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Did your grandparents have a will? Was the expectation that the house would pass to you? Did you provide caregiver services to your grandparents without pay? Who paid for your college? Did your grandparents or you put in writing that there was a life plan whereby the house or possession of the house would go to you. Were any others aware of this life plan. You may have many rights to the home and or to stay in the home for the promises made under a "Life Plan," and/ or for the services rendered. Did your grandparents die without a will? Did your Grandparents have an attorney and an accountant? Did they have close friends. Try to find a will or witnesses to the life plan. Did your grandparents write to you while you were in College? Can you afford an attorney? If you can't are you eligible for Free legal assistance? There are many legal rights you might have but you need to pursue those rights. It sounds like their is a big rift in your relationship with your Mother. Was your compensation for caring for your grandparents a promise that you could remain in the house forever or that the house would pass to you? Can you afford to live there and pay all the bills. Line up all the facts. If their is no will or trust agreement your state has intestacy laws of how the property would pass. What does your Mother want to do with the house? You might have rights that would make an exception to whatever rights your Mother might have. If you don't investigate these rights, gather up all the proof of the agreement between you and your grandparents then your Mother could prevail under intestacy laws.  Did your grandparents exclude her from the will / disown her or was she given up for adoption at birth?  You said she was a biological daughter.  Good Luck.  Don't be pushed aside without a fight if you and your Mother cannot come to an agreement.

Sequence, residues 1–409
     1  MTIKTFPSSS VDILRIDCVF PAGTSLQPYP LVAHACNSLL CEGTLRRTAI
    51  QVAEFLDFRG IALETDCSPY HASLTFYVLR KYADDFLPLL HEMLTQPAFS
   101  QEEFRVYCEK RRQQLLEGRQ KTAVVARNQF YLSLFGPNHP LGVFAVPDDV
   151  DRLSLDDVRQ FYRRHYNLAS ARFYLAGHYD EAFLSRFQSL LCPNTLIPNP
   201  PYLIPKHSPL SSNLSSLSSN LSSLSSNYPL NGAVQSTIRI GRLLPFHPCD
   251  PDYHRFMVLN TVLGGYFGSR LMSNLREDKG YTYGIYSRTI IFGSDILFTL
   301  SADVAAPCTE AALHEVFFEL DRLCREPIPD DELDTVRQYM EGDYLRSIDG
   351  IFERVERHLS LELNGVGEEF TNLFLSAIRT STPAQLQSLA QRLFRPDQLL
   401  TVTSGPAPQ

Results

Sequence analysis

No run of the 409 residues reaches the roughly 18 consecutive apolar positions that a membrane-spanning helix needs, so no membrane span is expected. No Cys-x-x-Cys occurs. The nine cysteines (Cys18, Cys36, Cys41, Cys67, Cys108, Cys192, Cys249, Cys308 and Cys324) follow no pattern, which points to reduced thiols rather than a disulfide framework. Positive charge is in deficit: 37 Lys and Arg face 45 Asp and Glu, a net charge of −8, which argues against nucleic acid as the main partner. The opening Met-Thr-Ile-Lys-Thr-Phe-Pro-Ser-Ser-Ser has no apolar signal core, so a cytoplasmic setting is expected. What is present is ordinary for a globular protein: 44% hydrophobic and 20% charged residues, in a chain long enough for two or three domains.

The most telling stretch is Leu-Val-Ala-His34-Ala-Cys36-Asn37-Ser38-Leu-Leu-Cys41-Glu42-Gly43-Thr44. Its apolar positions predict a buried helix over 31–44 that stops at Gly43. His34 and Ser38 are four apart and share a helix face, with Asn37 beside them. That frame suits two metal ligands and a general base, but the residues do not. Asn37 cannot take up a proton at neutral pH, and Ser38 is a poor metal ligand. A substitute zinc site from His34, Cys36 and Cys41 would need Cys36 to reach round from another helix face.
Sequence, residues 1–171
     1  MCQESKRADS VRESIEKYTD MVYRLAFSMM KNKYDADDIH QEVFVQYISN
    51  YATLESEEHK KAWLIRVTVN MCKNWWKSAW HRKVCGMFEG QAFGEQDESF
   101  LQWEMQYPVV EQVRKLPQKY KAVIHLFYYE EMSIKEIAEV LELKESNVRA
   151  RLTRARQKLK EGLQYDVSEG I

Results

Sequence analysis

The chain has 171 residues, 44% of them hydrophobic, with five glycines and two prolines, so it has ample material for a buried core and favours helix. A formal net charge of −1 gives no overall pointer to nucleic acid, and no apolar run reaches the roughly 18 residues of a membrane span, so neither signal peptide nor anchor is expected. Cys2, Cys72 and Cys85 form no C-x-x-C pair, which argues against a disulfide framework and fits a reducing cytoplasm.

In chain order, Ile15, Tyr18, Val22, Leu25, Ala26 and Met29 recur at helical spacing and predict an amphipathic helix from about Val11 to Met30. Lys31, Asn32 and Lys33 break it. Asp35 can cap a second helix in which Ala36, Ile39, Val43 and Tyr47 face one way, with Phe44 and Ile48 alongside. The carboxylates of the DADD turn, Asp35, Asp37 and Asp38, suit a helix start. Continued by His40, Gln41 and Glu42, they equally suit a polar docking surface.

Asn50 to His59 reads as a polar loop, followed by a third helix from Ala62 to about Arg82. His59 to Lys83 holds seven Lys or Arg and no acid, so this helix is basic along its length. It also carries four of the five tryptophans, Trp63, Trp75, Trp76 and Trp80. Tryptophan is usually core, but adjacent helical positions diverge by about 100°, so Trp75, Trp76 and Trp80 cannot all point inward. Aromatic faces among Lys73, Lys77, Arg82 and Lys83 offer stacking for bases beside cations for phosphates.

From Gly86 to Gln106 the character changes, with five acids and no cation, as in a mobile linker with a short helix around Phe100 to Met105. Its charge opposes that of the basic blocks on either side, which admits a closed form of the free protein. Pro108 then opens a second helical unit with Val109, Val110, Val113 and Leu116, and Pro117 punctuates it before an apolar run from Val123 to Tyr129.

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This is really a legal question. Whose name is on the deed? Did your grandmother leave a will? If so, did she leave you the house in her will. If there is no will then your state law on intestacy will govern who gets the house. In most states this follows a generational line meaning your mother would inherit the property before you would. First step, find the deed and will.
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The short answer is: Talk is cheap, what legal leg does she have to stand on? Who owns the home now? Is there a reason she cannot leave?

Of course this is hurting you terribly.

Can the house be divided in some creative way, making it partly an in-law type suite?

Are you in danger if you stay? Have you been served eviction legal papers?Can the house be sold, proceeds split? Is your Mom self-supporting, or disabled/dependent in any way?